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US Financial Crisis vs. Economic Crisis

Extracts from this document...

Introduction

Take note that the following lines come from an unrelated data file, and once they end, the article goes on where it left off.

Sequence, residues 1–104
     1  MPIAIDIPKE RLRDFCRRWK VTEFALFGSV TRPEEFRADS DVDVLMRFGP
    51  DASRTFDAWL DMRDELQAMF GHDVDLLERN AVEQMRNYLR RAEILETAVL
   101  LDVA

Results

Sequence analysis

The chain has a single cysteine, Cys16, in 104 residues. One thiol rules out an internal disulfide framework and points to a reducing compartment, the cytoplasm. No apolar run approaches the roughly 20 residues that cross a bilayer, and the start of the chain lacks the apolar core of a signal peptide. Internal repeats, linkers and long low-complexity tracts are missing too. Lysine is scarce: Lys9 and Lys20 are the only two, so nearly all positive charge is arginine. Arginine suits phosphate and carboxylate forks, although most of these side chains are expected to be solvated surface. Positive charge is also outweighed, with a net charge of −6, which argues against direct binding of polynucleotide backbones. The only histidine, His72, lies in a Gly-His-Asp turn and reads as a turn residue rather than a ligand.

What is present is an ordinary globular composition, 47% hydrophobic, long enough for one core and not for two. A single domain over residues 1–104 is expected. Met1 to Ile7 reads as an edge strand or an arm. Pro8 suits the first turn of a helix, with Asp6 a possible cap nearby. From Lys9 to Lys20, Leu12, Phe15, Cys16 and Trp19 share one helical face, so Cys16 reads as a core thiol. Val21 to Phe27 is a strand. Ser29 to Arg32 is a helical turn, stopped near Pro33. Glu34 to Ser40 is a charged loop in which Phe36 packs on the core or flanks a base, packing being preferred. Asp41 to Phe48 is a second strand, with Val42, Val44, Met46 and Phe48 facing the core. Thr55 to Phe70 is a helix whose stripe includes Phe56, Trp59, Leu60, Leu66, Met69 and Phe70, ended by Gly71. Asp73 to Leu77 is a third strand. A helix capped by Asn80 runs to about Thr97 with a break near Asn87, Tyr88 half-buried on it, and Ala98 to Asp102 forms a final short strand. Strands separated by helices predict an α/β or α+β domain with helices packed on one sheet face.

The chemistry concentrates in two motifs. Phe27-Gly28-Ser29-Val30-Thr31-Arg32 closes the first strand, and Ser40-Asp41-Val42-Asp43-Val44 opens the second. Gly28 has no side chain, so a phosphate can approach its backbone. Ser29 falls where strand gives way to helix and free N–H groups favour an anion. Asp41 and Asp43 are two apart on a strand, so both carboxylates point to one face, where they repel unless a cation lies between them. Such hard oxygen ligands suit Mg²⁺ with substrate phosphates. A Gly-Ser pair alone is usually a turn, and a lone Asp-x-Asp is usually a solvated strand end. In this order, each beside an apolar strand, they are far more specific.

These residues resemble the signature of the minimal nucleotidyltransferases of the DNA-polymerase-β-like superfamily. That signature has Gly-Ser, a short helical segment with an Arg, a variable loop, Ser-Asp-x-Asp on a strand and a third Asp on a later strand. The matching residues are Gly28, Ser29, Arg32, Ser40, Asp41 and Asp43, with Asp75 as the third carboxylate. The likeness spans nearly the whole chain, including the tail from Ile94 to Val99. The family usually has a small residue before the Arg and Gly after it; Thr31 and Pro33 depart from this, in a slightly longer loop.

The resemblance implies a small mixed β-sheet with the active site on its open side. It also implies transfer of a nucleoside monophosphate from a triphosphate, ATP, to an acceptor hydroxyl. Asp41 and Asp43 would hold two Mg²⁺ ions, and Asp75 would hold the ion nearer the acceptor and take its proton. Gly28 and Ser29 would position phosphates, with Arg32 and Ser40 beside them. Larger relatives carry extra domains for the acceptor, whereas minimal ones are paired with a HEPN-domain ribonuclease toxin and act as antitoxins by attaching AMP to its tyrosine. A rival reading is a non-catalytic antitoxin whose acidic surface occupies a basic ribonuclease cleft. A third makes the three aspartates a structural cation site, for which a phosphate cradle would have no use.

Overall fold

[Name of institution] [Name of writer] Executive Summary The U.S. economy is currently in its worst crisis since the Great Depression. The crisis began in the home mortgage market, particularly the market for so-called "subprime" mortgages, and is spreading beyond subprime mortgages to commercial real estate, junk bond business, and other forms of debt. Total losses for U.S. banks could reach the highest one-third of total banking capital. The crisis has led to a sharp reduction in bank loans, which in turn is causing a severe recession in the U.S. economy. This paper analyzes the underlying causes of the current crisis, it is estimated how the crisis is likely to be, and examines the government's economic policies so far (both by the Federal Reserve and Congress) to address to the crisis. The final section makes recommendations for government policies are more radical than the left, should promote and support in response to this crisis. Table of Content Introduction 3 The current crisis 4 Bank losses 6 Government policies 7 Federal Reserve 7 Congress 9 Nationalize the financing 12 Conclusion 13 Work Cited 15 Bibliography 17 Appendix 19 US Financial Crisis vs. Economic Crisis Introduction To understand the root causes of the current crisis, we must look back after the Second World War. The most important cause of economic under-performance of the United States in recent decades is a very significant decrease in the profit rate for the economy as a whole. From 1950 to mid 1970, the profit rate of the U.S. economy fell by nearly 50 percent from about 22 to about 12 percent. This significant reduction in the rate of profit seems to have been part of a general trend in the world during this period, which affects all capitalist countries. According to Marxist theory, this very steep decline in the rate of profit is the main cause of the "twin evils" of rising unemployment and higher inflation, and hence the decline in real wages, has experienced in recent decades. ...read more.